Now, the Supreme Court said what was wrong at his trial is that the prosecutor told the jury the test is: What would a reasonable person think upon seeing that message, would they find it threatening? Nope, the Supreme Court said, that's backwards. This is a criminal law. You have to look at the person's intent. And so he can't be convicted unless he intended to send a threatening message or unless he sent it knowing it would be perceived as a threat. So it makes it harder to prosecute threats, but it makes it easier to sue for discrimination in employment.
MS. SIMENDINGER: Pete, how did the votes come down? And tell us about the dissent.
MR. WILLIAMS: Well, as Gwen said, these were almost unanimous decisions in both cases.
MS. IFILL: In fact, Justice Scalia said in the first case, oh, this is easy.
MR. WILLIAMS: Oh, this is easy, right. (Laughter.) Which I think he meant, this isn’t so easy. But in a way, he was saying the law is fairly clear on this. They were eight to one in both cases. In both cases, Clarence Thomas was the dissenter. Clarence Thomas, the former head of the EEOC, said, nope, this is not the way the law is supposed to work. If an employer has a neutral policy that nobody can wear a headscarf, then that trumps the religious interest. And the Supreme Court said, no, you’ve got it backwards. And on the other thing, he said, you know, the test should be in the eye of the beholder.
MR. BAKER: We’ve got a – these are almost unanimous rulings, but doesn't suggest that necessarily there's a lot unanimity to come, does it? What’s on the docket for the rest of this term in the next few weeks?
MR. WILLIAMS: It would be – (laughs) – it would be shocking if the rest of the big decisions are eight to one.
MR. BAKER: Yeah.
MR. WILLIAMS: We have 22 cases left to decide. We have four decision days scheduled in June. The court will always add extra ones. But we have a test of the new chemical combinations for lethal injections. But the two biggies that will keep us up late toward the end of the term are a test of – a challenge to Obamacare, and, of course, the issue of same-sex marriage.
MS. IFILL: I want to ask you about John Roberts, because I always want to ask about John Roberts and what the Roberts court is turning into this session. No matter which way they go on Obamacare – which actually could change your answer by this time next week – but in the case of these two cases this week, does this tell us anything about the kind of court that he runs, that he operates?
MR. WILLIAMS: Well, on the one hand, a decision by the Supreme Court would normally be seen as sort of liberal when it makes it easier to sue an employer. But remember, this is a – you could view this decision as an interest of religious rights. And we've seen that a couple of times, in the – this is a very pro-freedom of religion court, under John Roberts. And although the Internet Facebook case is technically about interpreting criminal law, it's also a sort of pro-free expression, pro-First Amendment, even though that didn’t come into the mix.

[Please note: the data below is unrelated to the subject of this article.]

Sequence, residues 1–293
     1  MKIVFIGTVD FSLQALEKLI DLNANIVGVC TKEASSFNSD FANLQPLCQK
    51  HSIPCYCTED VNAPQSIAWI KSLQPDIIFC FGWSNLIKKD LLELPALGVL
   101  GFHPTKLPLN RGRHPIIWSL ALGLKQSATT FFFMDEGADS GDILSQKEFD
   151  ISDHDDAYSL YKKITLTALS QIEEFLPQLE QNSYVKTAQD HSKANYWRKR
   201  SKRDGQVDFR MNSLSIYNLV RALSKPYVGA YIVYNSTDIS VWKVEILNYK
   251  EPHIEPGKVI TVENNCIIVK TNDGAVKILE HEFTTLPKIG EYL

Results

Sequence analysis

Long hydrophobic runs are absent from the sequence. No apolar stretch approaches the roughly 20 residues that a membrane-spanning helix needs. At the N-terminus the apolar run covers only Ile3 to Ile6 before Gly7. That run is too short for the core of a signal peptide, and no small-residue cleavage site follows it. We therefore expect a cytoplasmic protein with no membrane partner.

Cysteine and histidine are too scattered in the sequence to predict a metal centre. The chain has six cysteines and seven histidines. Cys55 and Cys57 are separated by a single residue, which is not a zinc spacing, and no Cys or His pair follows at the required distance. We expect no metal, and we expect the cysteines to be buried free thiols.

MS. IFILL: Well, that’s an important point. This was not a constitutional decision.
MR. WILLIAMS: No, neither one.
MS. IFILL: But here’s the thing, this court also looks – has a reputation of being a pro-business court, right?
MR. WILLIAMS: Yes.
MS. IFILL: But in this case, the retailer, which is saying – which won in a lower court, was saying, you know, we are doing our best to figure this out. And they ruled against them.
MR. WILLIAMS: They did. And –
MS. IFILL: That religion trumps the business imperative?
MR. WILLIAMS: It does. That's what the Supreme Court said, that it's not enough to say it wasn't discriminating because it wouldn't hire anybody who wears something on the head. That the court says neutral policies have to give way to the need for accommodation. Of course, what the laws says, provided accommodating somebody’s religious needs doesn't provide an undue hardship. But I think it’s the religious factor that’s an interesting thing here. It's not just an anti-business decision; it’s really a pro-religious rights decision.
MS. IFILL: And on the second case – just one more question – it is conceivable that if you threaten your ex online, you're still prosecutable. This case just says, not the way this was prosecuted.
MR. WILLIAMS: So, what the court said is – it basically said, OK, we'll tell you what the test isn't. The test isn't how the beholder perceives the message. The test is, what did the sender have in mind? Now, the court left open big questions like, OK, if you meant it as a threat or you knew it would be perceived as a threat, yeah, you can be prosecuted. But what if you sent the threat sort of reckless about whether it would be – the message reckless about whether it would be perceived as a threat? And, you know, women's groups said this decision was horrible because these threats can cause real pain, real fear, a lot of lost sleep.
MS. IFILL: It’s hard to imagine how somebody threatening to bloody you up, it could be perceived any other way by the court.
MR. WILLIAMS: Yeah. Right. Even when they say it’s a joke.
MS. IFILL: OK, thank you.
When it comes to the 2016 campaign, we keep track so you don't have to. (Laughter.) This week we have four new hats in the ring. Actually, one of them has been there before.
MR. PERRY: (From video.) The question of every candidate will be this: When have you led? (Cheers.) Leadership is not a speech on the Senate floor. It's not what you say. It is what you have done. (Cheers, applause.) And we will not find the kind of leadership needed to revitalize the country by looking to the political class in Washington.
MS. IFILL: Now, in case you missed that, former Texas Governor Rick Perry managed to take a shot right there at virtually every other candidate in the race, and one in particular who is not officially even there yet. But if you look at the early poll standings for the four who joined this week – Perry, South Carolina Senator Lindsey Graham, former Rhode Island Senator Lincoln Chafee and former Maryland Governor Martin O'Malley – you would surely find them at the bottom of the pack, which raises the question: What path does each man see to the top? And the unenviable job of figuring that out for us tonight falls to Alexis.